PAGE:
The Boys & Girls Club of Hoboken honored local fundraisers, volunteers, and supporters at an annual fundraiser calling them “Champions of our youth.”
Those honored at the Oct. 30 event include 7-year-old Elise Papakonstantinou and her younger sister, Coco who donated more than $500 from their local tapioca dessert business; the Hoboken Rotary Club; BICS; Hudson Table; Councilman Ruben Ramos; Hoboken Police Officer Elias Leo Colon; and Hudson County Freeholder Anthony Romano.
Also at the fundraiser, hosted at Antique Loft at Riverview in downtown Hoboken, Executive Director of the Boys & Girls Club of Hudson County Gary Greenberg announced the nonprofit’s latest advocacy initiative, Agenda for Americas Youth.
The club, at 123 Jefferson St., provides after-school programs and runs a low-cost summer camp. These programs are offered free or at a low cost, depending on the household’s annual gross income. The club’s mission is “to help young people, especially those who need us most, build strong character and realize their full potential as responsible citizens and leaders.”
Currently, the Boys & Girls Club of Hudson County serves approximately 2,000 kids in its Hoboken and Jersey City locations.
Boys & Girls Clubs of America launched its “Agenda for America’s Youth” advocacy platform, focusing on the top issues and solutions impacting young people.
The situation has never been more urgent.
“Each day after school, 11.3 million kids return home to an empty house,“ said Greenberg. “One out of six students fails to graduate from high school on time, and almost half don’t believe the American Dream is possible. We see the inequity these young people face, and that’s why we are committed to advocating for them as part of the Agenda for America’s Youth platform.”
According to Greenberg, out-of-school time is at the forefront of the agenda because the club believes it has a critical impact on ensuring safer childhoods, so every child feels safe physically and emotionally, not just in clubs, but everywhere.
Greenberg said the Boys & Girls Clubs of America have prioritized issues that support youth in making positive decisions and embracing healthy lifestyles and wellness as well as prepare youth for life after the club with education, leadership opportunities, and workforce readiness.
“When every young person has access to quality out-of-school time opportunities, when they feel safe emotionally and physically, when they are healthy, and when they have the leadership skills, there is nothing they can’t do, but we can’t do it alone,” said Greenberg to the crowd of roughly 140. “That’s why we are grateful to each and every one of you. … These kids are suffering hard. They face poverty, trauma … and you all make an unbelievable difference in their lives.”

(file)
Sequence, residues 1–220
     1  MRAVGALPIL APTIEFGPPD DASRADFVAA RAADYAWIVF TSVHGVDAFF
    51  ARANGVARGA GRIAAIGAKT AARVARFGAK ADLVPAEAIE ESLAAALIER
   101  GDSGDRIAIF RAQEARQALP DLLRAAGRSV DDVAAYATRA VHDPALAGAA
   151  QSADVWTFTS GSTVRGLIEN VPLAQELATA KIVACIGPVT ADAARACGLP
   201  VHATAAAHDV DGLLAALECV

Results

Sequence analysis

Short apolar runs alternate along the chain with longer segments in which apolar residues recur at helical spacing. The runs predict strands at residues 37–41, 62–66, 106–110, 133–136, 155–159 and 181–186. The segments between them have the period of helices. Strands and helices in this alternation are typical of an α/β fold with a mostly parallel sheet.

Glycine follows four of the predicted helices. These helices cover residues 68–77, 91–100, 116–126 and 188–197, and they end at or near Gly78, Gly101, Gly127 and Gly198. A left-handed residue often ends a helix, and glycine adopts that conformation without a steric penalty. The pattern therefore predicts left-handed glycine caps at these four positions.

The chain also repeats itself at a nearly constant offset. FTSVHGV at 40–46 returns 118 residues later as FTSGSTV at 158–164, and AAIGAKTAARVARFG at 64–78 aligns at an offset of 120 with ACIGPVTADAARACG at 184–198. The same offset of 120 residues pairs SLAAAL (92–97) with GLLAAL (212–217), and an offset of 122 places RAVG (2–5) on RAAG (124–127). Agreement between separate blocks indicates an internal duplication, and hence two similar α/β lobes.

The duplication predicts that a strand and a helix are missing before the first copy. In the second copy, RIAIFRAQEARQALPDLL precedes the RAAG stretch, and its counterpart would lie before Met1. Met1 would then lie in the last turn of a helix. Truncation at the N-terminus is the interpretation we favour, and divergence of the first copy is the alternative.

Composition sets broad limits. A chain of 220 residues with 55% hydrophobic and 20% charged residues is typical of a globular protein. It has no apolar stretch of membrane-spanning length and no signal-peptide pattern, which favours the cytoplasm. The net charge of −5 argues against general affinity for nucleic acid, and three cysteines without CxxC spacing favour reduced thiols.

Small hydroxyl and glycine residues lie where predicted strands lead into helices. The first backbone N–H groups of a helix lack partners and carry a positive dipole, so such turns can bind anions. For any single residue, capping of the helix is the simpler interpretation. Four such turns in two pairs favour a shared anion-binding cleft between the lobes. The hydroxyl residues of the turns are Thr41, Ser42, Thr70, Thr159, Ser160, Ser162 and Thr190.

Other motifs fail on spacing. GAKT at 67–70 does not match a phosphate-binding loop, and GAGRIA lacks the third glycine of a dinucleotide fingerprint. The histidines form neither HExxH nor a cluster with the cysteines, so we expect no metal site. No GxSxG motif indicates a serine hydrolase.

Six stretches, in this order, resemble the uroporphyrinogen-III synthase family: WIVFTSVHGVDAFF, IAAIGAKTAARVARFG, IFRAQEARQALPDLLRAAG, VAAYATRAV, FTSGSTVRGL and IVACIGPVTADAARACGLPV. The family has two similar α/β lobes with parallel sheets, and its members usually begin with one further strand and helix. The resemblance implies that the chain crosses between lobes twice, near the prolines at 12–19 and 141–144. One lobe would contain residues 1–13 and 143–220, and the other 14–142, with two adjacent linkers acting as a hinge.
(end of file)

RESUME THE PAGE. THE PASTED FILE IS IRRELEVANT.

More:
Each honoree received a commemorative trophy thanking them for the work they do for the club.
Rich Marsh of the Hoboken Rotary Club said every year they throw the children a Christmas party with pizza, Santa Claus, and wrapped gifts.
“It really means so much to us to try and give back to the kids,” he said.
Hudson Table teaches kids about healthy habits on a regular basis so much so that “the kids think they work there,” Greenberg laughed.
BICS, Greenberg said, has been a substantial contributor to the club, as has Freeholder Anthony Romano, who Greenberg said helped secure funding and summer basketball leagues for the club over the years.
“You are the real hero,” said Romano of Greenberg and the club. “This truly means so much to me .., this is worth more than a million dollars to me.”
The club also honored Hoboken Police Officer Elias Leo Colon, who Greenberg said was one of the first kids to walk through the club’s doors when it opened in 1984.
“You people all really cared about us at a time when no one really cared about the projects,” said Colon. “I’m blessed to be a role model, though, and show that just because you grew up in the projects doesn’t mean you can’t do nothing in life.”
Greenberg said Councilman Ruben Ramos, who lives next door to the club, has been an advocate and supporter for years.
“The Boys & Girls Club is near and dear to my heart,” said Ramos. “As an eighth-grade teacher in Paterson, I see the inequities every day. Kids are going home to empty refrigerators and empty homes, but the Boys & Girls Club fills that gap.”
The youngest honorees were seven-year-old Elise Papakonstantinou and her younger sister Coco, who donated $516 to the Boys & Girls Club that they earned by selling tapioca at their tapioca popup stand at Alfalfa.
“We need more people like you in the world,” Greenberg said.